Sunridge Canyon Golf Course in Fountain Hills, Arizona is a unique golf course built inside a sloping canyon. The golf course construction was nearing completion but the animals that had always lived there were still around and appeared frequently.
I vividly remember the morning in 1995 when I headed out to the course in the early morning darkness, and drove up to a line of employees in work carts who were stopped on the cart path. I parked alongside them and asked, “Why are you here instead of working?”
“See there?” Nicasio said as he pointed ahead.
“No, I can’t see. Turn on your lights for me.”
Nicasio turned his lights on and pointed to a mauve and green colored rattlesnake coiled on top of a short wall beside the cart path.
“It’s a bad one,” Nicasio said, “we don’t get any closer.”
I recognized the snake as a Mojave rattlesnake, and yes it is very dangerous. It has the reputation of being aggressive towards humans. (I once had a Mojave rattlesnake chase me in my jeep) Even though all rattle snake species are venomous, this species is particularly dangerous to humans. The Mojave rattlesnake has the most potent venom of any rattlesnake in North America. “Mojave toxin” is much different from most rattlesnake venoms in that it is highly neurotoxic, affecting the respiratory and nervous systems of the bite victim within minutes. Not only is their venom about 16 times more toxic than other pit vipers, the venom can stay in a person’s system for weeks or months. It’s the worst possible snake to have near people on a golf course. I wanted a wizard to make it disappear, because I would be looking for this snake every time I’m on this part of the golf course.
We had to evacuate, so I told everyone to turn around and follow the street beside us to the clubhouse. From there they could safely get onto the golf course to work.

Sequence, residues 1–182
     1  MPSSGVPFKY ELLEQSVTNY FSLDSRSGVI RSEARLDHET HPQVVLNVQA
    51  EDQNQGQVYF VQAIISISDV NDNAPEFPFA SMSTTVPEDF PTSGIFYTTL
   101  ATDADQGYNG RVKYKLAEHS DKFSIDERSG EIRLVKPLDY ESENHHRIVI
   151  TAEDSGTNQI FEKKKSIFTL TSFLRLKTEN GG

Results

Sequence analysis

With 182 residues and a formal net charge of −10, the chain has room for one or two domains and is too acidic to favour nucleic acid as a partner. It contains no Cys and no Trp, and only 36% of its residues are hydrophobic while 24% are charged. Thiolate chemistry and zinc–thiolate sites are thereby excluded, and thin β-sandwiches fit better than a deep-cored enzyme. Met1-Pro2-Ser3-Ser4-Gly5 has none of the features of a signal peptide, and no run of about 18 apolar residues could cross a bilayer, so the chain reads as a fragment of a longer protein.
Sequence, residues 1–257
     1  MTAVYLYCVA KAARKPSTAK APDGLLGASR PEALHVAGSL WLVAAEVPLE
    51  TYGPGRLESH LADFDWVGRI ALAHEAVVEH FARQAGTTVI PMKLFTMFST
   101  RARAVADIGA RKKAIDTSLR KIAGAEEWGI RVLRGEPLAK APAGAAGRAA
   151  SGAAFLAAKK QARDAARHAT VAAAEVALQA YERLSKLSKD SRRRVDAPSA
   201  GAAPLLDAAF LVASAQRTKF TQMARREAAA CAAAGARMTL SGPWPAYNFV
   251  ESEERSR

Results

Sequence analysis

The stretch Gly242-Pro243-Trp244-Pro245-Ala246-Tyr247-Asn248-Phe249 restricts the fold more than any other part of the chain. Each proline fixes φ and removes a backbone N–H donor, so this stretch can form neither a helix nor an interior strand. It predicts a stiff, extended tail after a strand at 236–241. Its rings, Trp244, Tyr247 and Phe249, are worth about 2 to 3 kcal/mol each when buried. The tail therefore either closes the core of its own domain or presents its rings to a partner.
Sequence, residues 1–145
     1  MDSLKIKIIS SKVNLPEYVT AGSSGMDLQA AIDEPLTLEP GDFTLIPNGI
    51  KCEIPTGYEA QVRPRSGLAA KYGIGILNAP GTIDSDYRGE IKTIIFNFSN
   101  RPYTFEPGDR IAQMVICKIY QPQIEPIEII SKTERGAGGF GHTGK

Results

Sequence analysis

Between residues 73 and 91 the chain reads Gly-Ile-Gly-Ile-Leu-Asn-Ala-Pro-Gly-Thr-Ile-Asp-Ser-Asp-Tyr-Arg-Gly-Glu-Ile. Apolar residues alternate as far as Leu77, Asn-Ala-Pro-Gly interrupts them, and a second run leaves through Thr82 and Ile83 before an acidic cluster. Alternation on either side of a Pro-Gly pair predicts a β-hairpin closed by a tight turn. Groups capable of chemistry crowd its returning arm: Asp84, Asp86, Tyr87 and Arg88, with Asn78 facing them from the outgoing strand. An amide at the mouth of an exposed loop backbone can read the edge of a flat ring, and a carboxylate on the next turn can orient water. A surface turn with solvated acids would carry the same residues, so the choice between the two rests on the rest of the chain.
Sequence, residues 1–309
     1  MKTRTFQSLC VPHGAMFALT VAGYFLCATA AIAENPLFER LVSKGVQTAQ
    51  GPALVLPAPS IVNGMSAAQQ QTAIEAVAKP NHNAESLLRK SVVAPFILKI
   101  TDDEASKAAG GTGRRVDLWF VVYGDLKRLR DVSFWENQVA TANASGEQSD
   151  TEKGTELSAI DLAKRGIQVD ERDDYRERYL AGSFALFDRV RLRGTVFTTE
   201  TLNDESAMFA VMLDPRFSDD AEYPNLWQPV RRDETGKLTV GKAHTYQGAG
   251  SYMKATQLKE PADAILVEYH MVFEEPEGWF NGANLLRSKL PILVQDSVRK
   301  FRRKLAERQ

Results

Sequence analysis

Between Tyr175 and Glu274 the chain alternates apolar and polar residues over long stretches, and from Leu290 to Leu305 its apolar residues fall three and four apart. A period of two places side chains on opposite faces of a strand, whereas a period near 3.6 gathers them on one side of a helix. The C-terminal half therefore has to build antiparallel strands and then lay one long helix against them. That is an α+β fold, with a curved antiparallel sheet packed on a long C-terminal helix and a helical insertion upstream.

While the snake experience was frightening, another experience on hole #2 was infuriating, frustrating and depressing. I didn’t think it could happen — animals walking on our newly seeded greens – especially since we had enclosed each green with firmly staked snow fence. They would need to be high jumpers to get inside.
But, when I came upon the 2nd green there was a rabbit inside the fence. No sooner had I seen him than a coyote ripped through a seam in the fence and started to chase the rabbit. And they’re doing this on new sand greens where the baby bentgrass had only started to germinate the last two or three days.
Well, the chase was on and sand and grass flew into the air as they ran in circles. The coyote’s turns were similar to what you see when motorcycles lean around corners, and his feet threw grass and sand everywhere but where it was supposed to be. The whole scene was like a cartoon staring Wiley Coyote wanting to capture Rowdy Rabbit for dinner.
It made me so mad! We’d done all we could to protect the greens, and then this happened. And, what’s worse? I’m responsible for repairing damage on the greens. I have no idea how to repair this mess. It’s too late to reseed the green, and I can’t think of a way to ensure even coverage of the grass. These two have just ruined the green, and they’re still trapped inside the fence.
I was so frustrated! I took a pair of pliers up to the fence to cut the ties to open it up. I wasn’t worried about the coyote biting me because I was so mad at him I was ready to bite him first! So, like an usher, I held the fence open and waited for the rabbit and coyote to leave. It took a while before they realized they could get out.
Before I closed the fence I observed the damage they’d done and felt sick. I had no idea how we were going to repair the damage.
Miraculously the grass recovered and we opened the golf course in pristine condition. There was only one small problem, mud hens. Solid black ducks that flock by the hundreds and poop on every place you’d find attractive for a picnic. They are a serious pest.
Let me share a story about how we got rid of the mud hens at the Sunridge Canyon golf course pond. You see, the famous fountain lake in Fountain Hills, Arizona is covered with hundreds and hundreds of small black ducks called mud hens. They are a real problem, but weren’t much of a problem for us until we finished the golf course. Then one mud hen visited our pond. A few days later another mud hen joined him on the pond. Ron, our superintendent, could see the handwriting on the wall – more and more mud hens would join them. We had to get rid of the ducks now. But how?
We actually had a meeting about “how to get rid of the mud hens. There were many suggestions. One was to go into the pump station with a rifle and shoot the ducks through the pump station window. While it would work, it didn’t seem appropriate since the children’s park was just across the street. And we wouldn’t look good in the local newspaper as “killers!”